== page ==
German tanker gaffe leads to lifeboat drama

The 'distress call' sparked a major rescue operation. Picture: Ian Rutherford
The 'distress call' sparked a major rescue operation. Picture: Ian Rutherford
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A MAJOR rescue operation was launched – after a ship’s lifeboat drill was accidently transmitted by hapless mariners over the radio.

Dunbar lifeboat crewmen heard the “distress call” as they were working at their harbour-side 
station on Monday.

With no details of who or where the mayday had come from, they contacted Aberdeen Coastguard to pinpoint the “stricken vessel’s” broadcast.

It was traced to Dunbar, and a German gas tanker that was in the area. The skipper of the vessel was asked if they had broadcast the distress call and – when they denied it – a major two-hour rescue effort involving three lifeboats, 15 crew and costing £6000 was launched.

However Coxwain Gary Fairburn, who’s in charge of the Dunbar fleet, said fuming staff later discovered it WAS the staff of the German vessel who had accidentally blundered.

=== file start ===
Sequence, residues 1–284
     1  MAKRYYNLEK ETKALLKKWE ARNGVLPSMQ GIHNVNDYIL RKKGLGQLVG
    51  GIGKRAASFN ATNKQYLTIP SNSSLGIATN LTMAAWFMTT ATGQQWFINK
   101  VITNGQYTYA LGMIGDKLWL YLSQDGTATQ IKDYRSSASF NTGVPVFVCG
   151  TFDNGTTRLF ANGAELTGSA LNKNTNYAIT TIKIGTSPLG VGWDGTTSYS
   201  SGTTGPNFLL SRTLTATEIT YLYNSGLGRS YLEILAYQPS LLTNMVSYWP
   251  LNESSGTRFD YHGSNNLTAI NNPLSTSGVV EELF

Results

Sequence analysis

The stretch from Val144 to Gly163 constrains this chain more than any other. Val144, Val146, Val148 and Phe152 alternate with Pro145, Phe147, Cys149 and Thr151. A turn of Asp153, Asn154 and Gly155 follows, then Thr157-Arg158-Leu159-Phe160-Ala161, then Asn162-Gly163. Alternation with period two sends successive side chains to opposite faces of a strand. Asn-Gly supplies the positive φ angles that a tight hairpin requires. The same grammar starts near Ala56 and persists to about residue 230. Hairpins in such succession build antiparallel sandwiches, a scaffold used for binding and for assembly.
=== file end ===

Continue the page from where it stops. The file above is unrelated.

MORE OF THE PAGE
He said they initially went out fearing they would find wreckage. “We didn’t know what we were going to find,” he said.

“Aberdeen had asked the tanker whether they had accidentally made the call, and the Captain said ‘no’. It was only when they sensed it didn’t ring true that they contacted them again and the captain finally 
admitted it.”

The captain of the German gas tanker, Clamor Schulte, was said to be “rather apologetic” afterwards. His firm could not be reached for comment last night.

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